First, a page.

Sunday, June 29, 2014

Green Building Takes on Climate Change

In late 2013, a trio of business leaders including Michael Bloomberg, Hank Paulson and investment fund billionaire Tom Steyer teamed up to found the Risky Business Project with a simple mandate:  Determine the potential consequences for the U.S. economy without significant changes in the way we consume and deploy natural resources.

To achieve this goal, the group hired The Rhodium Group to provide an independent analysis of the economic risks from a changing climate.  In June 2014, the Risky Business Project released their first report from Rhodium’s analysis entitled “The Economic Risks of Climate Change to the United States.”

The report is quite sobering, and few industries will be impacted by these changes as much as home building, even though housing reportedly accounts for just 18 percent of greenhouse gas (GHG) emissions. Yet there is still plenty of hope, as the most severe risks can still be avoided by early investments in resilience and immediate action to reduce the emissions which have been found to increase global warming.

In terms of geography, the Risky Business report concludes that the two main impacts of climate change – extreme heat and a rise in sea levels – will likely affect certain regions of the country more than others.

In the states along the Gulf Coast and in the Northeast and Southeast, higher sea levels and stronger storm surges could lead to increasing property losses by 2030 which could total as much as $35 billion each year. For states in the Midwest and Southwest, a larger number of high-temperature days could threaten human health, reduce labor productivity (especially for those working outside in land development and home building) and strain already aging electrical grids.

Yet there will be some areas which will benefit from a warmer climate, such as northern latitude states including North Dakota and Montana. With higher winter temperatures, both frost events and cold-related deaths will decline while the growing season for certain crops will lengthen.

So just what can the building industry do to be resilient and protect its own interests while continuing to house a growing population?

Several years ago, the NAHB conducted its own research into the effects of housing and homebuilding on GHG emissions using data from the Department of Energy, the Census Bureau and other agencies. Similar to the Risky Business Project, the association hired its own researchers and economists to review existing data on density, land-use patterns and vehicle usage.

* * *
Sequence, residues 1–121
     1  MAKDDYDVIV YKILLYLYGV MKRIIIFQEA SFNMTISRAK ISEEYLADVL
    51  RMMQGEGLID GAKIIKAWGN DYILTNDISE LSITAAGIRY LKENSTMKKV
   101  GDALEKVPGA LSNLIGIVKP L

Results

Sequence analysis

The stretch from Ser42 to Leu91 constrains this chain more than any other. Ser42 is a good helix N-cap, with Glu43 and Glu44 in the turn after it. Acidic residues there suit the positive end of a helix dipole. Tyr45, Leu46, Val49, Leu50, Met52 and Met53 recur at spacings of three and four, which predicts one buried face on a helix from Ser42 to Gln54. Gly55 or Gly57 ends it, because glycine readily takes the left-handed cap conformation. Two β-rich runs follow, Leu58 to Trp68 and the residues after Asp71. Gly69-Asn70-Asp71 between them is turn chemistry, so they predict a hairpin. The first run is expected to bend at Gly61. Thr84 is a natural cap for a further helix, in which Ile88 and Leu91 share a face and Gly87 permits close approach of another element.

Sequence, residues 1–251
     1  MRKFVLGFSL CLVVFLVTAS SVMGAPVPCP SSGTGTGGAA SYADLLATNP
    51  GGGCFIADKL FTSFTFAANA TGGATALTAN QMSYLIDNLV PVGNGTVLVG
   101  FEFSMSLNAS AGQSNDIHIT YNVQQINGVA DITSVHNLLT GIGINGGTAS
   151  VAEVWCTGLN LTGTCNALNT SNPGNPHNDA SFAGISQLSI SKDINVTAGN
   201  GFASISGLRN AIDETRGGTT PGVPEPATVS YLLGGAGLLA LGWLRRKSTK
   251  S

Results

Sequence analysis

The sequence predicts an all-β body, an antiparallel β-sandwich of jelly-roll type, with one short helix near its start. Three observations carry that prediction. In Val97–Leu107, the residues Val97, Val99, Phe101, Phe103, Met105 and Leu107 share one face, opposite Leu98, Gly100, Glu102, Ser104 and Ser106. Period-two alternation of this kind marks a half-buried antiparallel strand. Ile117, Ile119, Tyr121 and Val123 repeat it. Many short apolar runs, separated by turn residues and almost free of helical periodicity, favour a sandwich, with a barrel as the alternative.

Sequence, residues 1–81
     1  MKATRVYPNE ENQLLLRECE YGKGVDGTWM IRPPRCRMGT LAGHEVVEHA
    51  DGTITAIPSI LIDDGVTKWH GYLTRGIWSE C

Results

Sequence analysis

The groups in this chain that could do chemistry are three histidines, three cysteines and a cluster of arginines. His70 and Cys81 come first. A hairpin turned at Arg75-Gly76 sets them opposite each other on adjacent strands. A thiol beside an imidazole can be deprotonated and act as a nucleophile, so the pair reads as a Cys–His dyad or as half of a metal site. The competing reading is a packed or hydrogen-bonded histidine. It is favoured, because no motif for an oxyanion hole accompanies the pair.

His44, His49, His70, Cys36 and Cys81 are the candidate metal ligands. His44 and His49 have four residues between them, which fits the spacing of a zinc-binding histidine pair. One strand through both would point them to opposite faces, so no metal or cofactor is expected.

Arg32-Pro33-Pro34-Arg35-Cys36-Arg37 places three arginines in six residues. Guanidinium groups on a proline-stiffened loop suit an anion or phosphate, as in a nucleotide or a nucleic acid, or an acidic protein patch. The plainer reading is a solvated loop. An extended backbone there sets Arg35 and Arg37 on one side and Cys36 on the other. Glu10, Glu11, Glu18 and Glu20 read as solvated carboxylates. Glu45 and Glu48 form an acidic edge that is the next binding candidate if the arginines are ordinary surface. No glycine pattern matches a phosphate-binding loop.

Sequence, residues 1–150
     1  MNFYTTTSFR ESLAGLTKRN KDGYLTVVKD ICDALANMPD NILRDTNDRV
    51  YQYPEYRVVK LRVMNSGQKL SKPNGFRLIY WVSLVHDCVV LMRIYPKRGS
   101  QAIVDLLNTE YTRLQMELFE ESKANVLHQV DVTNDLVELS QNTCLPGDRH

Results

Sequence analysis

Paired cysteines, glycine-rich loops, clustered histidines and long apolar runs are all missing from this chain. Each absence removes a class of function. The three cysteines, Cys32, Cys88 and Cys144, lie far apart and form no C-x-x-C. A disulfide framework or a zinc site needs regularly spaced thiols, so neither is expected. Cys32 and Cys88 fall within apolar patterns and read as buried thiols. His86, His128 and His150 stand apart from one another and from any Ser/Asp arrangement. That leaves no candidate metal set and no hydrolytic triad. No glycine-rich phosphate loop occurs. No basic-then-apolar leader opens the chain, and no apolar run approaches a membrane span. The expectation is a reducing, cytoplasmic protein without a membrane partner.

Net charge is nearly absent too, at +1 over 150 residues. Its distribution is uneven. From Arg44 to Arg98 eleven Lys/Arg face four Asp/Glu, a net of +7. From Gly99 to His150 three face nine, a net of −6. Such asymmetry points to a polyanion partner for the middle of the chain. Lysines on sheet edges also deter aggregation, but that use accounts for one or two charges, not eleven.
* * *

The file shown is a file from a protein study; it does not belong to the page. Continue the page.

What they concluded was that given the complexity of building communities, caution is strongly recommended as choices are made about the future due primarily to the law of unintended consequences. Solutions that may seem simple on the surface are actually much more complex, and would involve various trade-offs that could create new problems to solve.

For example, increasing building density alone was shown to have minimal impacts on vehicle miles traveled (VMT) unless it was also paired with providing access to regional transportation centers. In addition, there are also the issues of consumer choice and housing durability which provide a huge reality check: Even if the combination of higher densities, land-use diversity and access to transit was maximized to reduce potential VMTs by 25 to 30 percent, those gains would be slow to achieve given the existing housing stock of 133 million units, up to 60 percent of which are still located in mostly car-dependent suburbs.

As a consequence, the nation’s builders and developers can’t solve this problem alone: they also need cooperation from residents who vote with both their ballots and wallets, and that’s where an “insurance policy” argument could assist.

Back in the late 1980s, when Risky Business Risk Committee member George Shultz was President Reagan’s Secretary of State, he urged Reagan to take action on the scientific controversy of that period: the shrinking ozone layer which protects terrestrial life from harmful solar radiation.

Rather than take a confrontational tone, Shultz’s team instead suggested a type of ‘insurance policy’ in the event that the science was correct. That policy, formally known as the Montreal Protocol on Substances that Deplete the Ozone Layer, was hailed by former U.N. Secretary General Kofi Annan as "perhaps the single most successful international agreement to date.”Eventually ratified by 197 countries, if the international agreement remains in place, the ozone layer is expected to recover by 2050.

While addressing the ozone layer is arguably much easier than general climate change, convincing various parties to cooperate rather than confront is perhaps our best hope for a sustainable planet.

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